Cool Linux Stuff: Live Resize of Libvirt Guest’s Disk Served as LVM Logical Volume on SAN Volume

Hard disk platter reflection, by: Dave Indech (2006)Here is the situation: We have a FC SAN with one volume dedicated for virtual machines’ disks. That SAN volume is available on the server via 2 paths (two storage controllers, two FC switches and two HBAs) and failover is handled by multipath-tools. This SAN volume has no partition table but is a LVM’s physical volume (PV), which contributes to LVM volume group (VG) named lvm-guests-shared-VG. LVM logical volumes (LV) in this VG are virtual disks for libvirt/kvm virtual machines.

The problem: suppose we need to expand disk of one virtual machine a lot; expand so much, that SAN volume has to be expanded too; and we need to do that online – without restarting anything.

Step 1 – Expand SAN Volume

There is no explanation needed as this is a basic function of probably all storage arrays.

Step 2 – Make the SAN Volume’s New Size Visible on the Server

First we have to rescan volume’s geometry. We use multipath -l command to get block devices representing SAN volume available by each path. Example output:

lvm-guests-shared (360080e500023edb4000004a751662caf) dm-8 IBM,1746 FAStT
size=1.0T features=’3 queue_if_no_path pg_init_retries 50′ hwhandler=’1 rdac’ wp=rw
|-+- policy=’round-robin 0′ prio=-1 status=active
| `- 0:0:2:2 sde 8:64 active undef running
`-+- policy=’round-robin 0′ prio=-1 status=enabled
`- 0:0:1:2 sda 8:0 active undef running

Devices sda and sde are the one we where looking for. To make the kernel know about its new size we send char “1” to /sys/block/DEVICE/device/rescan file. For example:

$ echo 1 >/sys/block/sda/device/rescan; echo 1 >/sys/block/sde/device/rescan

The second, we let multipath know about the changes by running command multipath -r.

Step 3 – Utilizing New Space in LVM

To make PV consume whole SAN volume’s space, we execute command pvresize -v /dev/DEVICE. DEVICE can be found by looking at PV Name field in pvdisplay command’s output. Of course if we have many PVs on the server we take into account only the one contributing to our lvm-guests-shared-VG. Example pvresize output looks like this:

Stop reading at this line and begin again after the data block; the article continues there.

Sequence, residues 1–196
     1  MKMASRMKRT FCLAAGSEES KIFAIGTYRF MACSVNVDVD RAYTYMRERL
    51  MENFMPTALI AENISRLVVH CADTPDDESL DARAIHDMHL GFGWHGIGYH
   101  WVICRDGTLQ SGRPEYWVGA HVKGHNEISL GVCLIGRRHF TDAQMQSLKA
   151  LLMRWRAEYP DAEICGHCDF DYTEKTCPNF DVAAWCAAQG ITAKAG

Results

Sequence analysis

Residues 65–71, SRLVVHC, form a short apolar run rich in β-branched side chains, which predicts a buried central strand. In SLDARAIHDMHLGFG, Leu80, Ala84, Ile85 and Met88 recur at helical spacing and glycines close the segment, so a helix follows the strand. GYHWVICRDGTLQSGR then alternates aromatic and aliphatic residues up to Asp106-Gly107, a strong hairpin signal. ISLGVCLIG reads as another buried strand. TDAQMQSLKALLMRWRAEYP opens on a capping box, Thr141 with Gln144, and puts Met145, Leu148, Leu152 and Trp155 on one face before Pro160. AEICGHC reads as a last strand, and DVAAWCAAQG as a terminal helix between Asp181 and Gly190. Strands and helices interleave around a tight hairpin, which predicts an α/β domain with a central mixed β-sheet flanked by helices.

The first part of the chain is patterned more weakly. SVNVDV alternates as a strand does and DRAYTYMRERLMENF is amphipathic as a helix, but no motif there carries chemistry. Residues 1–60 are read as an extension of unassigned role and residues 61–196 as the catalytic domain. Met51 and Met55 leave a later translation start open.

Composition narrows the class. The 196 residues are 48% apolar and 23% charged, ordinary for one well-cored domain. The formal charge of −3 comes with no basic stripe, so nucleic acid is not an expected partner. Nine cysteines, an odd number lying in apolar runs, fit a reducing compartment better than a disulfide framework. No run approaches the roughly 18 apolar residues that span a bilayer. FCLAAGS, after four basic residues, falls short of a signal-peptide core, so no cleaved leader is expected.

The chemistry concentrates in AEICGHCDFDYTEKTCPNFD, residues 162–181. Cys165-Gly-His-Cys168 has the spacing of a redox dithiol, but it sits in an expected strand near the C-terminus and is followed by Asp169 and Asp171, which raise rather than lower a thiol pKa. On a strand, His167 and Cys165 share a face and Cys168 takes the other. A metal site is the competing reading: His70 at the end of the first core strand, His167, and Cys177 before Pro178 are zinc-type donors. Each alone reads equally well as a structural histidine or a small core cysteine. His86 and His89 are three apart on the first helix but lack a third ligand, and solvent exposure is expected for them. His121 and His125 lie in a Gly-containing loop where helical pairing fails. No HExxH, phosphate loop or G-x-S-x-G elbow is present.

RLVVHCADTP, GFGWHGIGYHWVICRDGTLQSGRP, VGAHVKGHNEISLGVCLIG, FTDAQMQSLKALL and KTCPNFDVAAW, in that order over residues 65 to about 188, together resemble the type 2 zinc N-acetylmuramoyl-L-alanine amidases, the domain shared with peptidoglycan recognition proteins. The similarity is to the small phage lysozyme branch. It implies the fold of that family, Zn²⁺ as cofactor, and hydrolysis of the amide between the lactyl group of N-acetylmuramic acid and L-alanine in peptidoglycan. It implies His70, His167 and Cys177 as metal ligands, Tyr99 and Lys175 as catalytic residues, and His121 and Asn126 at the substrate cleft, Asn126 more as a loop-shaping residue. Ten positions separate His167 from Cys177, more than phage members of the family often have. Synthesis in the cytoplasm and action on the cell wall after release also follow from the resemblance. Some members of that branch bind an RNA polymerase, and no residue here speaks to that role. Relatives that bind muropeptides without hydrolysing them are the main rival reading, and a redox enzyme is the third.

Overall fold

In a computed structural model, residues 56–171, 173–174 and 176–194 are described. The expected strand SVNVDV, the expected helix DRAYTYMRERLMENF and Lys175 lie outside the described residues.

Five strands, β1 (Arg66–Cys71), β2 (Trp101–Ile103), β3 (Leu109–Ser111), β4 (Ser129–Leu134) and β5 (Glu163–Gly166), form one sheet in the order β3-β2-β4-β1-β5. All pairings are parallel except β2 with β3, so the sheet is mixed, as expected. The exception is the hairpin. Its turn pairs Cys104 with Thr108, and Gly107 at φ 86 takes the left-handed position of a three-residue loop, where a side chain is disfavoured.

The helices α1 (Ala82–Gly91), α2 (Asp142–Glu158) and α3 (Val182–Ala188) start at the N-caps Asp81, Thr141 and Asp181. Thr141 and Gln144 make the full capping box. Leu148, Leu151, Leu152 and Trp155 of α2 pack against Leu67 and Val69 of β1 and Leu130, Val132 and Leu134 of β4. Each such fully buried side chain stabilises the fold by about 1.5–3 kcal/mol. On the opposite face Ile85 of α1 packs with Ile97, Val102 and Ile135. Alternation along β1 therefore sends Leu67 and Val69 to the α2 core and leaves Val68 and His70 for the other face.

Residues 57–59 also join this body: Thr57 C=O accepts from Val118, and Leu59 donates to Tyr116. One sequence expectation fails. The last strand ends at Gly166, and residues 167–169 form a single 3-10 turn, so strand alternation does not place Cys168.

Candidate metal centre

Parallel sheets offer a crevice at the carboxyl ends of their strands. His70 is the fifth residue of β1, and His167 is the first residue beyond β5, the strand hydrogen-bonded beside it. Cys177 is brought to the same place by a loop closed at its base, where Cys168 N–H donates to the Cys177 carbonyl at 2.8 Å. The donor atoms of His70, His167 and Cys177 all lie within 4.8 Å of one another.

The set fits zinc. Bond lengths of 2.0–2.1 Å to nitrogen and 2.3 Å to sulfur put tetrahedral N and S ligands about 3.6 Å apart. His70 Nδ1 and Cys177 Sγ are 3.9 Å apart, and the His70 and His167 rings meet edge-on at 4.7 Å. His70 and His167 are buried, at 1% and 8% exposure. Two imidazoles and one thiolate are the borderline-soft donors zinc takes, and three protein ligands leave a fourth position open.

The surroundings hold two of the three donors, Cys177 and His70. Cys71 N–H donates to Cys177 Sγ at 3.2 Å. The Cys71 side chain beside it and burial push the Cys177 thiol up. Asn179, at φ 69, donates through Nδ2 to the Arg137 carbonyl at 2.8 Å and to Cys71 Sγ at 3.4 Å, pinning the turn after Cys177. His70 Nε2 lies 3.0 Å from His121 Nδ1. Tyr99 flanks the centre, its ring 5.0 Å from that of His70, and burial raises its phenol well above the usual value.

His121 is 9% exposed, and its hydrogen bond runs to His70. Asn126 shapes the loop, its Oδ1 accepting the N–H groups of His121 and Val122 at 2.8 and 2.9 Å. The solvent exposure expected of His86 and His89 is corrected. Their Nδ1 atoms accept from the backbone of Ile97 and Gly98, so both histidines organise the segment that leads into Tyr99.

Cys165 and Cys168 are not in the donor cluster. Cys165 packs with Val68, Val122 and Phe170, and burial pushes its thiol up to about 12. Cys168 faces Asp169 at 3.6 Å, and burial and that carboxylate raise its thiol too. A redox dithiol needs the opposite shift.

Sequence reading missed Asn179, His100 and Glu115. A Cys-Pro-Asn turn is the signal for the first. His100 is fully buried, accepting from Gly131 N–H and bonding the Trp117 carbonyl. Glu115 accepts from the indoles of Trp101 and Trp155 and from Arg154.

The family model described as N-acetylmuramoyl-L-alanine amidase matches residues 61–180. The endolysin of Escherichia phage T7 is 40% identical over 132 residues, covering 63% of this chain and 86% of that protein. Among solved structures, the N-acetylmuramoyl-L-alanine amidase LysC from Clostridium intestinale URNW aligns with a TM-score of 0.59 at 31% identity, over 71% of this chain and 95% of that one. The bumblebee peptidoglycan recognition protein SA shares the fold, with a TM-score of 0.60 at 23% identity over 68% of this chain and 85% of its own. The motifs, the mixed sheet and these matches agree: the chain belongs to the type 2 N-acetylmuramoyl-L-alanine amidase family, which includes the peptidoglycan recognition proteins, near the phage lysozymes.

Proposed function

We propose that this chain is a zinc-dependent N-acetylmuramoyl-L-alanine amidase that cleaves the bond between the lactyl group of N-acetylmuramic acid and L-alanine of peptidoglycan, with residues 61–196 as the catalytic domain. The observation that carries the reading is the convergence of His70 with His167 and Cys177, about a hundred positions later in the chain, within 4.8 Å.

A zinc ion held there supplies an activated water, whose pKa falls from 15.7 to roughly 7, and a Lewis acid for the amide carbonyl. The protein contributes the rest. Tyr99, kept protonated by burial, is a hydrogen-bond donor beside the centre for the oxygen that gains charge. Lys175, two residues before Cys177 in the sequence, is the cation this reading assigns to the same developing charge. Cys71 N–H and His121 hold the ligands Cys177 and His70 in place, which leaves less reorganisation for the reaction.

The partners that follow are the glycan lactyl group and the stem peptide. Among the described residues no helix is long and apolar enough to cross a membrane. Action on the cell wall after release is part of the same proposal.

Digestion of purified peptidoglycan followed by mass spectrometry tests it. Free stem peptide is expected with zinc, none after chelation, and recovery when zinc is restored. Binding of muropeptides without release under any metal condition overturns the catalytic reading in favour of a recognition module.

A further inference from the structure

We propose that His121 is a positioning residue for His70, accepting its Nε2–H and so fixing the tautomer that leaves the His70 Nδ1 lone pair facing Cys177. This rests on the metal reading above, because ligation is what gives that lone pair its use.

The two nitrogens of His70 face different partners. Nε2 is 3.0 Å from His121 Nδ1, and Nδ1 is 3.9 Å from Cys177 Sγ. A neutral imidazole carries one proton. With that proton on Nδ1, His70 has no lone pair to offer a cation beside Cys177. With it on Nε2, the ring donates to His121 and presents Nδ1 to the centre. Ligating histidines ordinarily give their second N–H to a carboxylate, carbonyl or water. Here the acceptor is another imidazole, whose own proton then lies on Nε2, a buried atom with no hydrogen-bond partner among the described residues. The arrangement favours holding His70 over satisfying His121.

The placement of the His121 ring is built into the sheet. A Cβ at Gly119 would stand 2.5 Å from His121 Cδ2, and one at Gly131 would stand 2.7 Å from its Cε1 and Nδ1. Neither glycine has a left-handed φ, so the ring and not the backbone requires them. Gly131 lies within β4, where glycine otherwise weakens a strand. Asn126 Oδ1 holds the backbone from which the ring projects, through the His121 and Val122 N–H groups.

# pvresize -v /dev/dm-8
Using physical volume(s) on command line
Archiving volume group “lvm-guests-shared-VG” metadata (seqno 16).
Resizing physical volume /dev/dm-8 from 262143 to 524287 extents.
Resizing volume “/dev/dm-8” to 4294966912 sectors.
Updating physical volume “/dev/dm-8”
Creating volume group backup “/etc/lvm/backup/lvm-guests-shared-VG” (seqno 17).
Physical volume “/dev/dm-8” changed
1 physical volume(s) resized / 0 physical volume(s) not resized

Now vgdisplay will show VG’s new size.

The last LVM thing is to expand LV. We do this using command lvresize -L 800G /dev/lvm-guests-shared-VG/resized-virtual-machine, where 800G is a new LV size, utilizing bigger VG and resized-virtual-machine is the name of LV with our virtual machine’s disk.

Step 4 – Refresh Disk Size on the Guest Machine

This is quite tricky, since VirtIO driver providing block device with guest’s disk has no refresh file under /sys/block/ tree. Refreshing virtual disk size has been implemented in libvirt 0.9.8 and can be triggered by block_resize command in qemu monitor. Command requires qemu disk name as an argument. To get this name issue: virsh qemu-monitor-command resized-virtual-machine --hmp "info block". The output should look like this:

# virsh qemu-monitor-command resized-virtual-machine –hmp “info block”
drive-virtio-disk0: removable=0 io-status=ok file=/dev/lvm-guests-shared-VG/resized-virtual-machine ro=0 drv=raw encrypted=0
drive-ide0-1-0: removable=1 locked=0 tray-open=0 io-status=ok [not inserted]

Of course resized-virtual-machine is the name of our virtual machine (domain in libvirt terminology).

So disk’s name we where looking for is drive-virtio-disk0. Now we can refresh disk size on the guest side by executing virsh qemu-monitor-command resized-virtual-machine --hmp "block_resize drive-virtio-disk0 800G"

Now we can login to the guest and utilize new space.